Polka Dot Snow

Donald Shephard

Sleet blew sideways into their faces as the women of the village rowed the umiak through the steel grey sea and the men surrounded the whaling boat in their kayaks. They were taking her husband to the burial grounds to lay him on the rocks and cover his body with drift wood. He had coughed bloody spittle onto his sunken cheek before emitting his death rattle. At the burial site she took a handful of snow, cleaned his face and threw the wad away. It became a single red polka dot on the snow-covered tundra. They headed back to the village, the sleet gone and the wind behind them. She sat in the stern of the umiak, covered by a polar bear rug and smelled his death there. A scent-memory came to her from the first time she was wrapped in the rug. Her delicate smile befuddled the other mourners in the boat. The old woman saw only another red polka dot in the snows of long ago.

He had taken her up the coast from the village on a seal hunting trip. When she gathered driftwood for their fire, he crept up behind her covered in the polar bear skin. She shrieked and ran away across the endless whiteness knowing he was chasing her, knowing he would catch her, wanting to be caught. She fell into a snow bank and he straddled her and held her wrists wide above her head.

“What do you want?” She asked feeling the sharp, cold air in her lungs and another deeper pang. He cocooned them in the bear skin.

“What do you want?” she asked again.

“You,” he whispered.

She raised her hips pushing into him. She knew then that she would not stop him this time; that she was ready; that she wanted him; that it was right. He loosened her tunic and she felt his hands on the soft warmth of her breasts. They raced to remove the seal skins and animal fur that held in their precious body heat. He bent and kissed the wedge of her fur and entered her most enchanting, most powerful place with urgent homage.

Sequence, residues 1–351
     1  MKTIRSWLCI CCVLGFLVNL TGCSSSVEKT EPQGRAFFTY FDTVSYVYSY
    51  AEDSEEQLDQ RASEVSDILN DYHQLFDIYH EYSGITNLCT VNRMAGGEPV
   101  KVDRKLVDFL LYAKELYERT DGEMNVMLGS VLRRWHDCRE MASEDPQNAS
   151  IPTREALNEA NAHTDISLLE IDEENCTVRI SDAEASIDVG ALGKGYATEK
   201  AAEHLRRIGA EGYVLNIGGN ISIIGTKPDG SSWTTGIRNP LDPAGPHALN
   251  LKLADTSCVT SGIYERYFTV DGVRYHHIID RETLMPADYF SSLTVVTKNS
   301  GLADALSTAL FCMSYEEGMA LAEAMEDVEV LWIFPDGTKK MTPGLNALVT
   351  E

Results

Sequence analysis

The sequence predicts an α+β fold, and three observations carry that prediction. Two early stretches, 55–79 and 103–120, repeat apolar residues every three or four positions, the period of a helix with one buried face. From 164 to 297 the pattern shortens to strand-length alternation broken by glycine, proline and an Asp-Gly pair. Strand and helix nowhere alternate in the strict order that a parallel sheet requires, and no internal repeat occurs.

She grabbed his shoulders, pulled her head up and with mouth and eyes wide open, surged against him. As he plunged by the final obstacle, red flashed from a spot in the sky over the base of his spine and welded them together. She gasped air deeper into her lungs, hugged him to her, willing the red pain away, replacing it with joy. The cold melted, the snow glowed and spasms rose within her. She crimped her eyes shut, saw the brilliant Northern Lights within her brain, and heard crystalline sopranos chanting in the air. When these images faded and euphoria set in, she opened her eyes to see the sky transformed into meadow green with a blue stream snaking through it. A high singing breeze blew colors across it from golden yellow to opalescent turquoise.

He lay still within and on her until she, for the first of hundreds of times, pushed him gently on his biceps to signal her desire to breathe more easily. He pulled his weight from her and covered her again with fur and seal skin. She smiled quizzically as she noticed the spot of red foam on him, reached for a handful of snow and cleansed him before throwing the redness out of their bear skin nest. With the care of a noviciate she arranged his furs and seal skin about him.

They rose together. He draped the polar bear skin around them as they rotated to take in the ever-changing, multi-colored hemisphere of the Aurora Borealis. They laughed into each others eyes as owners of a mutual secret at the one red polka dot staying true while the rest of the snow reflected the magical, incandescent, celestial show.

The villagers propelled her along the shore. The old woman wondered what the surrounding snowfields would look like if she had produced a speck of red foam everytime they made love. She thought there would be polka dot snow all around their village; throughout the caribou hunting grounds; along the shore where they had sheltered from storms under this very umiak; certainly over the polar bear skin; and once, when they had expected to die, on an ice floe that drifted out to sea and mysteriously back again. As she peered across the water to the burial ground, she pictured him lying in his grave in the center of a red polka dot landscape of snow. The Northern Lights came back to her then and colored the world with irridescent flashes of blue, green, red, yellow, and purple. The pure high voices sang above her again while the others heard the roar of the sea and saw only the miriad shades of grey and endless, endless white.

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